A significant oil and natural gas prospect about 250 miles south of Houston in the deep waters of the U.S. Gulf of Mexico (GOM) could portend more opportunities to add reserves in Mexico’s offshore.

Shell Offshore Inc. recently reported a strike in the deepwater Alaminos Canyon at its Blacktip exploration well, a Wilcox discovery in the rich Perdido thrust belt.

The discovery, unearthed in Block 380 in 6,200 feet of water, is about 30 miles from the Shell-operated Perdido platform in the U.S. portion of the GOM. Blacktip is also near Shell’s recent Whale discovery, also in Alaminos Canyon.

“Blacktip is Shell’s second material discovery in the Perdido Corridor and is part of a continuing exploration strategy to add competitive deepwater options to extend our heartlands,” said upstream director Andy Brown.

The Royal Dutch Shell plc subsidiary’s Great White, Silvertip and Tobago fields are already producing in U.S. deepwater.

Drilling at the initial Blacktip well is still underway and “has to date encountered more than 400 feet net oil pay with good reservoir and fluid characteristics. The well is currently being deepened to further assess the structure’s potential.”

The latest find could augment existing production in the Perdido trust belt, which extends beyond the U.S. Maritime Boundary into Mexico waters. Shell’s Perdido platform had its first commercial production in 2010 from what was then a geological frontier in the U.S. GOM, the Lower Tertiary/Paleogene.

Today the Perdido has become a prospecting area for U.S. and Mexico GOM explorers.

In the Mexico Perdido deepwater, BHP earlier this year agreed to spend $256 million to drill an additional appraisal well (3DEL) and perform further studies in the Trion field to further delineate the scale and characterization of the resource.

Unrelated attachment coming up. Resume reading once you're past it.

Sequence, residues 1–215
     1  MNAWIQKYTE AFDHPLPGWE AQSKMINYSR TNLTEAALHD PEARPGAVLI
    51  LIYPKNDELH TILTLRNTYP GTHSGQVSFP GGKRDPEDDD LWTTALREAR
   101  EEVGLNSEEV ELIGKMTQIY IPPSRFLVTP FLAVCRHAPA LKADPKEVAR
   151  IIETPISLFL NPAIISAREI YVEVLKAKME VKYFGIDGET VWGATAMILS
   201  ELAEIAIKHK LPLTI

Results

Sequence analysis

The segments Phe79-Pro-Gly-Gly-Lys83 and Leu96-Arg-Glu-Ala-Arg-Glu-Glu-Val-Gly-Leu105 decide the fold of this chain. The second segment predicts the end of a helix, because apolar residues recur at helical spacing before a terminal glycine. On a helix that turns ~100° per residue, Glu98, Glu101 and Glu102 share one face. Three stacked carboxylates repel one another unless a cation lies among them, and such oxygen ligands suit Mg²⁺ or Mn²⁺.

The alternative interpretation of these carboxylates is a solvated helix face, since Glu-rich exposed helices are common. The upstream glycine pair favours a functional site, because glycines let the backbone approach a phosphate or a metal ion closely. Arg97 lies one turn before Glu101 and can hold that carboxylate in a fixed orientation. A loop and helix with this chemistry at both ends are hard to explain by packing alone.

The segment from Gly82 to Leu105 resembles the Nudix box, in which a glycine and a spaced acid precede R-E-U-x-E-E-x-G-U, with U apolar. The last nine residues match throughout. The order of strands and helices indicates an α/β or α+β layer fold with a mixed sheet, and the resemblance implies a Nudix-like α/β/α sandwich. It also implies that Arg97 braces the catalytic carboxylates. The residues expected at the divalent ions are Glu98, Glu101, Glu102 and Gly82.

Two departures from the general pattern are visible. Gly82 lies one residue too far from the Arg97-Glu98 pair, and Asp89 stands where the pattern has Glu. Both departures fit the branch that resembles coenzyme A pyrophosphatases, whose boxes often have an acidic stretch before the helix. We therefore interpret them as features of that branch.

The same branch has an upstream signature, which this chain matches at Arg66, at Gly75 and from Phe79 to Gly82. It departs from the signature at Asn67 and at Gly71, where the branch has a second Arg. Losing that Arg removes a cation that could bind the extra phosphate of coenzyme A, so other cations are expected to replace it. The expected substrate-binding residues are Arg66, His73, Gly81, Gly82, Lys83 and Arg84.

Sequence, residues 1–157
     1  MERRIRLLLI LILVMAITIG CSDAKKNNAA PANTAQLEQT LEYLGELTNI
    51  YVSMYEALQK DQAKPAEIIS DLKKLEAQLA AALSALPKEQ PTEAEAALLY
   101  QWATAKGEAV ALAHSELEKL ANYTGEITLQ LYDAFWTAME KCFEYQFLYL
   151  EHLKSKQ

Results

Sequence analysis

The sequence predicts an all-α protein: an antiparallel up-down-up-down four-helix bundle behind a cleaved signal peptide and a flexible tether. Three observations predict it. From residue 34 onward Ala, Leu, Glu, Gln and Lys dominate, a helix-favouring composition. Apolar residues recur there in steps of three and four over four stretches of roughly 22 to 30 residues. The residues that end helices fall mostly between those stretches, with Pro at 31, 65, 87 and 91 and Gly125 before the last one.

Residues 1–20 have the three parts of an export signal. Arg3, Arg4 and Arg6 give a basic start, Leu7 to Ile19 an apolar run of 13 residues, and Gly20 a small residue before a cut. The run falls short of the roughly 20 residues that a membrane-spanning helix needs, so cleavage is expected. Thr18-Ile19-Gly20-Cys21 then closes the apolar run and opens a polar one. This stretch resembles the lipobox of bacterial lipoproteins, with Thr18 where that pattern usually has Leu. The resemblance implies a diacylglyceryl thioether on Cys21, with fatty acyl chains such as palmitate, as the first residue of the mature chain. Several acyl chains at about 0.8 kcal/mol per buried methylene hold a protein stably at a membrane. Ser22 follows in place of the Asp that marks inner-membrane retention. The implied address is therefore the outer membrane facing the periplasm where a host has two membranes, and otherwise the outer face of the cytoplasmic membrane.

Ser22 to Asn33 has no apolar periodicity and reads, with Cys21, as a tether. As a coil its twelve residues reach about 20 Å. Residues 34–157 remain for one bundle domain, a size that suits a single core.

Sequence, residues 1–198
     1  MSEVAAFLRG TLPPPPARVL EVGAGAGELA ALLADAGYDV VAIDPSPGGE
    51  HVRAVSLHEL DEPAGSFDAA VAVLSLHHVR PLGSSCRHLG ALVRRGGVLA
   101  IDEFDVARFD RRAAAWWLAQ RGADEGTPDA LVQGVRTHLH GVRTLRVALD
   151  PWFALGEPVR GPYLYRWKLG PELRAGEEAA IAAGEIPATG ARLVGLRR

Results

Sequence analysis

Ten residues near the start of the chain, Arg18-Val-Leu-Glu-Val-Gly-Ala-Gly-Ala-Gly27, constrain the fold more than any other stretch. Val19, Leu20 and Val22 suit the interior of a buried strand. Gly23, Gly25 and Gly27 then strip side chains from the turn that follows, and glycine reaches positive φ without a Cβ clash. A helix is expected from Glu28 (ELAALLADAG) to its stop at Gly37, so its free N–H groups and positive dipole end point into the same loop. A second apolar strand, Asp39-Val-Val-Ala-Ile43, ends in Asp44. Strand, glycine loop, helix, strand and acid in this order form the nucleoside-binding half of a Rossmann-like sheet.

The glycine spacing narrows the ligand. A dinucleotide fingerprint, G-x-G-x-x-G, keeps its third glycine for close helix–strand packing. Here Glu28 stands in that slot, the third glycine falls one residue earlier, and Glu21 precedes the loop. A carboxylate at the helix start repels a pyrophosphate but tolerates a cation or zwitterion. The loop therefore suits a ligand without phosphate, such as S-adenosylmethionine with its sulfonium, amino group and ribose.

BHP captured ownership of the field in 2016 as the first deepwater partner ever for Mexico’s state-owned Petróleos Mexicanos, aka Pemex. In the bidding round, BHP, with a 60% stake, won the right to explore jointly with Pemex two blocks in the prolific Perdido formation.

Trion has gross recoverable resources estimated at 485 million boe. The Trion 1 discovery well in 2012 at the time was considered one of the top 10 discoveries in the entire GOM.

The primary objectives of the 3DEL appraisal well and studies are to confirm the volume and composition of hydrocarbons near the crest of the Trion structure and to study the viability of development of the Trion field. The appraisal well is expected to be drilled in the second half of the year.

Blacktip is operated by Shell (52.375%) and co-owned by Chevron U.S.A. Inc. (20%), Equinor Gulf of Mexico LLC (19.125%) and Repsol E&P USA Inc. (8.5%).

The Perdido discovery “confirms the potential in the deepwater Gulf of Mexico and underpins Equinor’s strategy to exploit prolific basins and deepen in core areas,” said Equinor Senior Vice President Bjørn Inge Braathen, who oversees North American exploration. “We await further results from the well and look forward to continue the collaboration with the operator and co-venturers to assess the full potential of the discovery and evaluate options for development.”

The discovery in a “Shell heartland” adds to its Paleogene exploration success in the Perdido area, Shell executives noted. In the U.S. deepwater, Shell has Appomattox, Kaikias and Coulomb Phase 2 underway, as well as investment options for additional subsea tiebacks and a potential new hub, Vito.

Through exploration, Shell has added more than 1 billion boe in the last decade with the GOM. The supermajor’s global deepwater production is on track to exceed 900,000 boe/d by 2020, from already discovered, established areas.